You should note that the actual color produced by a particular pixel value is NOT fixed. The ST uses a color remapping system called a palette. The pixel value in memory is used to address a hardware register in the palette which contains the actual RGB levels to be sent to the display. Programs may set the palette registers with BIOS calls, or the user may alter its settings with the Control Panel desk accessory. Generally, palette zero (background) is left as white, and the highest numbered palette is black.


A form always begins on a word boundary, and is always stored with an integral number of words per row. However, it is possible to use only a portion of the final word. This partial word is called a "fringe". If, for instance, you had a form 40 pixels wide, it would be stored with four words per row: three whole words, and one word with the eight pixel fringe in its upper byte.


Now we can intelligently define the elements of the MFDB. Its exact C structure definition will be found in the download. The fd_nplanes entry determines the color scheme: a value of one is monochrome, more than one denotes a color form. If fd_stand is zero, then the form is device-specific, otherwise it is in standard format.

The fd_w and fd_h fields contain the pixel width and height of the form respectively. Fd_wdwidth is the width of a row in words. If fd_w is not exactly equal to sixteen times fd_wdwidth, then the form has a fringe.

Finally, fd_addr is the 32-bit memory address of the form itself. Zero is a special value for fd_addr. It denotes that this MFDB is for the video memory itself. In this case, the VDI substitutes the actual address of the screen, and it ignores ALL of the other parameters. They are replaced with the size of the whole screen and number of planes in the current mode, and the form is (of course) in device-specific format.

This implies that any MFDB which points at the screen can only address the entire screen. This is not a problem, however, since the the VDI raster calls allow you to select a rectangular region within the form. (A note to advanced programmers: If this situation is annoying, you can retrieve the address of the ST's video area from low memory, add an appropriate offset, and substitute it into the MFDB yourself to address a portion of the screen.)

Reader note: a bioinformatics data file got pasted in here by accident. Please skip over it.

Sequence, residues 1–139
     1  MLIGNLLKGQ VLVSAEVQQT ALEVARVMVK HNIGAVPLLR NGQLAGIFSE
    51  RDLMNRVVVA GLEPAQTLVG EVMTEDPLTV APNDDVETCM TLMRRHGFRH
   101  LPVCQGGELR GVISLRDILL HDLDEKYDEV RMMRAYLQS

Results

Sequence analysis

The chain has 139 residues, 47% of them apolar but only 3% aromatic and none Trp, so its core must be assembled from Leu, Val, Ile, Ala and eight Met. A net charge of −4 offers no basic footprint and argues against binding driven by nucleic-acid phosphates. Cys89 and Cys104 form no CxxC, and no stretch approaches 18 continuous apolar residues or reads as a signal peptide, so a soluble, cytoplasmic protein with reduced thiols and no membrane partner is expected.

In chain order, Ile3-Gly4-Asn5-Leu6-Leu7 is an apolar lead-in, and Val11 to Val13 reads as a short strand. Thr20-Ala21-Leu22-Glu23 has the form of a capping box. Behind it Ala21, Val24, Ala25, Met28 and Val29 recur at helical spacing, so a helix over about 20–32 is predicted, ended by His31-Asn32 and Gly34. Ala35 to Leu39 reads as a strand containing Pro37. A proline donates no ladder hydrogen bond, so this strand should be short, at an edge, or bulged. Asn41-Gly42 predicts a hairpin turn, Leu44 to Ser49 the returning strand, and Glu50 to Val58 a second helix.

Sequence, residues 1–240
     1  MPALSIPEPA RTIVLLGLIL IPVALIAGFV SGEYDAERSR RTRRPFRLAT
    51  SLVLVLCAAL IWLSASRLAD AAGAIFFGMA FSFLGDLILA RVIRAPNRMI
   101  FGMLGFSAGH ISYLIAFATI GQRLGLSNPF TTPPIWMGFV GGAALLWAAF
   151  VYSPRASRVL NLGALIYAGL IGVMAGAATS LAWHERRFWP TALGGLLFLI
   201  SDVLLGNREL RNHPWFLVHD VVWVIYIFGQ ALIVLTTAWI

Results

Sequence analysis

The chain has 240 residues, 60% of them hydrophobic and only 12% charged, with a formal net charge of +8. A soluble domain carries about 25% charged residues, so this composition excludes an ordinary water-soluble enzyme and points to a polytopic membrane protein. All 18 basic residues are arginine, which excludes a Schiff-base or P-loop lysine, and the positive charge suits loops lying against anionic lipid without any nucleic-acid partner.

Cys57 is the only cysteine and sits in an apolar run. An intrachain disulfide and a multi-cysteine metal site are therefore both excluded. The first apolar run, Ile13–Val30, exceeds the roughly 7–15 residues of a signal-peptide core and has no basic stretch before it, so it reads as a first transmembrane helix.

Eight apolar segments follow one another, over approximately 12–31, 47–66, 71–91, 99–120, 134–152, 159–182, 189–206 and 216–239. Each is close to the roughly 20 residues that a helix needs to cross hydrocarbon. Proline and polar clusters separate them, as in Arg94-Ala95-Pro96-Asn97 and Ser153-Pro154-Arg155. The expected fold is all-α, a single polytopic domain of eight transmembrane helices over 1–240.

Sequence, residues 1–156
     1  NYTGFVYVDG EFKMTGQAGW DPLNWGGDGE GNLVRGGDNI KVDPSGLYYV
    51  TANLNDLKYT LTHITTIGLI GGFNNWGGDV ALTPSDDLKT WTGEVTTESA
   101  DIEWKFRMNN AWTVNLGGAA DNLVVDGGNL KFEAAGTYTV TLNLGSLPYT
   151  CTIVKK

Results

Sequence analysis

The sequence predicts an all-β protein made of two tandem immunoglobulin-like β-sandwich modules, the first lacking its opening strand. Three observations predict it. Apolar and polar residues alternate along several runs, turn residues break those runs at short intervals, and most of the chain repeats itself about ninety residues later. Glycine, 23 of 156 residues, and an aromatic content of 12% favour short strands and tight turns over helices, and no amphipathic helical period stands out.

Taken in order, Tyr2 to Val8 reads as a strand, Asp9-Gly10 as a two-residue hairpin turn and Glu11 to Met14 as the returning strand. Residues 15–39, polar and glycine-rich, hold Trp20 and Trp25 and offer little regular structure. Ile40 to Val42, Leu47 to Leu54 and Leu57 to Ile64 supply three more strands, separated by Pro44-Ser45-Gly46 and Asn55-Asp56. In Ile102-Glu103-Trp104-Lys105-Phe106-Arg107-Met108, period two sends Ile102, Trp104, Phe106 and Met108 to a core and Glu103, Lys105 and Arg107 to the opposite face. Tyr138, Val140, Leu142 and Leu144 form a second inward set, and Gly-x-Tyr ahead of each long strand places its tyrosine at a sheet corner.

Now we can look at the VDI raster operations themselves. There are actually three: transform form, copy raster opaque, and copy raster transparent. Both copy raster functions can perform a variety of logic operatoins during the copy.


The purpose of this operation is to change the format of a form: from standard to device-specific, or vice-versa. The calling sequence is:

vr_trnfm(vdi_handle, source, dest);

where source and dest are each pointers to MFDBs. They ARE allowed to be the same. Transform form checks the fd_stand flag in the source MFDB, toggles it and writes it into the destination MFDB after rewriting the form itself. Note that transform form CANNOT change the number of color planes in a form: fd_nplanes must be identical in the two MFDBs.

If you are writing an application to run on the ST only, you will probably be able to avoid transform form entirely. Images and icons are stored within resources as standard forms, but since they are monochrome, they will work "as is" with the ST.

If you may want to move your program or picture files to another GEM system, then you will need transform form. Screen images can be transformed to standard format and stored to disk. Another system with the same number of color planes could the read the files, and transform the image to ITS internal format with transform form.

A GEM application which will be moved to other systems needs to contain code to transform the images and icons within its resource, since standard and device-specific formats will not always coincide.

If you are in this situation, you will find several utilities in the download which you can use to transform G_ICON and G_IMAGE objects. There is also a routine which may be used with map_tree() from the last column in order to transform all of the images and icons in a resource tree at once.


This operation copies all or part of the source form into the destination form. Both the source and destination forms must be in device-specific form. Copy raster opaque is for moving information between "like" forms, that is, it can copy from monochrome to monochrome, or between color forms with the same number of planes. The calling format is:

vro_cpyfm(vdi_handle, mode, pxy, source, dest);

As above, the source and dest parameters are pointers to MFDBs (which in turn point to the actual forms). The two MFDBs may point to memory areas which overlap. In this case, the VDI will perform the move in a non-destructive order. Mode determines how the pixel values in the source and destination areas will be combined. I will discuss it separately later on.

The pxy parameter is a pointer to an eight-word integer array. This array defines the area within each form which will be affected. Pxy[0] and pxy[1] contain, respectively, the X and Y coordinates of the upper left corner of the source rectangle. These are given as positive pixel displacements from the upper left of the form. Pxy[2] and pxy[3] contain the X and Y displacements for the lower right of the source rectangle.

Pxy[4] through pxy[7] contain the destination rectangle in the same format. Normally, the destination and source should be the same size. If not, the size given for the source rules, and the whole are is transferred beginning at the upper left given for the destination.